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Need to Know

Strawbale Aims to Help Indianapolis Restaurants Reduce Straw Waste

As part of the project, straws are collected from local restaurants and turned into strawbales, which are then featured in local art exhibits and parades.

Cities like Seattle and Boulder, Colo., are making the effort to reduce straw waste in foodservice establishments. And now, Indianapolis is stepping up to the plate.

Jim Poyser, former NUVO managing editor and current executive director of Earth Charter Indiana, has launched a project called Strawbale, which aims to help restaurants in Indianapolis reduce straw waste. As part of the project, Poyser collects straws from local restaurants and create strawbales from the straws, which are then featured in local art exhibits and parades. In addition, Poyser asks restaurants to commit to not handing out straws unless requested, further reducing the amount of straws used on a daily basis.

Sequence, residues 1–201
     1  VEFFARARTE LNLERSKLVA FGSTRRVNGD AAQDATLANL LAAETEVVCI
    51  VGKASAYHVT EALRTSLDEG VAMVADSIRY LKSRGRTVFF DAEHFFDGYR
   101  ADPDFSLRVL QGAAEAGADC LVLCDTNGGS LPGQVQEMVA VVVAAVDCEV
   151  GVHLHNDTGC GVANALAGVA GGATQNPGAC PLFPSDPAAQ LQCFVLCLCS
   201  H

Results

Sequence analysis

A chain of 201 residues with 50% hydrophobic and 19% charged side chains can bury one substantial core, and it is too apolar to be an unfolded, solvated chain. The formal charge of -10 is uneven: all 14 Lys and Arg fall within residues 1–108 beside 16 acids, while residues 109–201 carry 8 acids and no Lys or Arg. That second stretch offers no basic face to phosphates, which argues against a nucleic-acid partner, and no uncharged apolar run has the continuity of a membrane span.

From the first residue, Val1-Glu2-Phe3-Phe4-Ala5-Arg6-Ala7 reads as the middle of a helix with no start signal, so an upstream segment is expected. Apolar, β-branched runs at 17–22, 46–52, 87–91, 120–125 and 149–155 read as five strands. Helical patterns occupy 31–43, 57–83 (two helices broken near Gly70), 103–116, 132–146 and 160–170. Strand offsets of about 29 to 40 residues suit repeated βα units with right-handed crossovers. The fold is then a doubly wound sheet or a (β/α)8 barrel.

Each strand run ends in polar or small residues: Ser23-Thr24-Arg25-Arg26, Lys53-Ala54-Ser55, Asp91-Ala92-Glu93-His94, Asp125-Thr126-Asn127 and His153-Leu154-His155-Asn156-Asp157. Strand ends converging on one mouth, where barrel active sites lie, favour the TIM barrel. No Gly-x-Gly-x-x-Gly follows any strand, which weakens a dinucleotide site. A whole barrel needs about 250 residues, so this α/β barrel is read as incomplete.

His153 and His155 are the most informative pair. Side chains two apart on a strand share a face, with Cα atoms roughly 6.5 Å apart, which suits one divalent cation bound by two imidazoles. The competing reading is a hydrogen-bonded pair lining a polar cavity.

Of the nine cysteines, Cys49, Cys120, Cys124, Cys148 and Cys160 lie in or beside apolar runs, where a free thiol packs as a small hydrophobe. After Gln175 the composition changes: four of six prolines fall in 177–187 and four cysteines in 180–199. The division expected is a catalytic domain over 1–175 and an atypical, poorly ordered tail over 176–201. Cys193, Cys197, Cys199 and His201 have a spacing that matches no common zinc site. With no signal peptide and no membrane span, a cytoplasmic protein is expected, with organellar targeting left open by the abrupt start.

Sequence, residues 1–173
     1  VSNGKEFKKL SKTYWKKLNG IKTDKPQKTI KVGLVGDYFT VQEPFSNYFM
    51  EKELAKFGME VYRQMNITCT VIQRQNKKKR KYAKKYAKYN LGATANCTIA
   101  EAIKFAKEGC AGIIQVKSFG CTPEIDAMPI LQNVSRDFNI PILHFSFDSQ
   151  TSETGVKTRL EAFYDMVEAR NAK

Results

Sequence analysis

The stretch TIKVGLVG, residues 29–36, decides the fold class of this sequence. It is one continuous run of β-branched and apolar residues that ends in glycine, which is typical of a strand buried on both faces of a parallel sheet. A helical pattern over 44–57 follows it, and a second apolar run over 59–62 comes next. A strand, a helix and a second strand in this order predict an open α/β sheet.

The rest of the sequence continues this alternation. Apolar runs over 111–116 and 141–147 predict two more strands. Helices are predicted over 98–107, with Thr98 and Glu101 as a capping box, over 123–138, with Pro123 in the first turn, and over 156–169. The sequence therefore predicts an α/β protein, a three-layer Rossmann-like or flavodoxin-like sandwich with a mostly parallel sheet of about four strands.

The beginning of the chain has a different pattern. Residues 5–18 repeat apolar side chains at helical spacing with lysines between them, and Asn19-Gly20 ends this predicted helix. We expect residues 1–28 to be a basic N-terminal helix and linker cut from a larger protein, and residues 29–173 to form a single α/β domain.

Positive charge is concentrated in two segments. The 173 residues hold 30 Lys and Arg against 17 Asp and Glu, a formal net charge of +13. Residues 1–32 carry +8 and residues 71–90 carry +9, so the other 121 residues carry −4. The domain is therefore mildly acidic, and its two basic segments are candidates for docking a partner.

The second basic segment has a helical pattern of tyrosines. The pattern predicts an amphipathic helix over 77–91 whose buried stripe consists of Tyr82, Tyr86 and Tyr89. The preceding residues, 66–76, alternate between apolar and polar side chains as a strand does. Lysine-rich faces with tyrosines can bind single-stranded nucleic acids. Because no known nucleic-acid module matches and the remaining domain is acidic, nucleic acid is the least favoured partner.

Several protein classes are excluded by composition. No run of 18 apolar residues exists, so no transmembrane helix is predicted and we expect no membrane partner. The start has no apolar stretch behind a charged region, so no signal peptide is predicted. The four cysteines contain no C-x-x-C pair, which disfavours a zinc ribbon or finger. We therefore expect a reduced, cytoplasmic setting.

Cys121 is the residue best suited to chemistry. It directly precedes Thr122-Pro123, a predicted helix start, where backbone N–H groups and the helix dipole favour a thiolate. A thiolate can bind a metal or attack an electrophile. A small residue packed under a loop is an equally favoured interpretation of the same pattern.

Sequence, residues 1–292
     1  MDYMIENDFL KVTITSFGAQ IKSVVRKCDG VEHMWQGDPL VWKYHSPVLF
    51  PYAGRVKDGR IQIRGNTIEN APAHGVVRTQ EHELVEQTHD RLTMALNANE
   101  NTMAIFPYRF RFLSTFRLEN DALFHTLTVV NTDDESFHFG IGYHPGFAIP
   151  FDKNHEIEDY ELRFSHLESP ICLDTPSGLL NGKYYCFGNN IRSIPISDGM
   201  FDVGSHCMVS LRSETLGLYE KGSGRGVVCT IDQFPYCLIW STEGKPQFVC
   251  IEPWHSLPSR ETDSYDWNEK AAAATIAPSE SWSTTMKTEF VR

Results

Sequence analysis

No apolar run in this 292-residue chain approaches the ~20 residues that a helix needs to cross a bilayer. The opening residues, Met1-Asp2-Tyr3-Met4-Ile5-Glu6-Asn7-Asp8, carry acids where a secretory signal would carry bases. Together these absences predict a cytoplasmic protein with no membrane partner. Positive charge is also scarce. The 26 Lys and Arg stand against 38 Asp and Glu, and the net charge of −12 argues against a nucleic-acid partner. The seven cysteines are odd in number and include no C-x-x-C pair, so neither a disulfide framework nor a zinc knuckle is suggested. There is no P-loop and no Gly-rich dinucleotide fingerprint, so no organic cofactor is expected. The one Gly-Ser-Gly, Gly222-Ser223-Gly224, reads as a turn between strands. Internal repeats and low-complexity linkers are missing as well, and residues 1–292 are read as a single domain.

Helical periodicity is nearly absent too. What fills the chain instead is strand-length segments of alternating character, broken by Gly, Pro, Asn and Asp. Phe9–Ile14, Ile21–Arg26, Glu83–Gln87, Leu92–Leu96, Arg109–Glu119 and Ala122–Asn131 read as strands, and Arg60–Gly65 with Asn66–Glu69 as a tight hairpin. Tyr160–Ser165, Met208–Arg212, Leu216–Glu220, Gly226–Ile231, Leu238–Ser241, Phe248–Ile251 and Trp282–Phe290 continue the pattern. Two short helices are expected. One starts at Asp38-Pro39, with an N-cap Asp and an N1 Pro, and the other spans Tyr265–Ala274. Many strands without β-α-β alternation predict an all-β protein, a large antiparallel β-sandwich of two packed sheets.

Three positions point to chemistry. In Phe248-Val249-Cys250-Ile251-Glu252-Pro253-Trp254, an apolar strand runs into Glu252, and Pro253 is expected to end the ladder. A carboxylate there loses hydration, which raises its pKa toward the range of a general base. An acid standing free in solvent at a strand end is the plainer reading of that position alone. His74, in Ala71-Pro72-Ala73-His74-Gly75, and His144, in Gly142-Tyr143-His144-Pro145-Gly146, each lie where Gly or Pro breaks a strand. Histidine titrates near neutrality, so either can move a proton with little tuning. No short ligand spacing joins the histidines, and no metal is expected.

NUVO has more:

Those tiny plastic tubes that come in nearly every beverage we consume.

We don’t ask for them, but invariably they are there, waiting for us to suck our soda, water, tea, iced coffee, etc. through. Then we toss them in the trash, or the recycling bin. Or you’re a complete asshole and we throw them on the ground or out of our car window.

The fact is, no matter where we throw them — even if we’re eco-conscious and make sure they go into the recycling — they inevitably end up in our environment. In America, according to the National Park Service, 500 million plastic straws end up going into our landfills every day, which in turn end up most often in our waterways. For the mathematicians out there, that is 175 billion a year pouring into our creeks, rivers, lakes and oceans.

Read the full story here.

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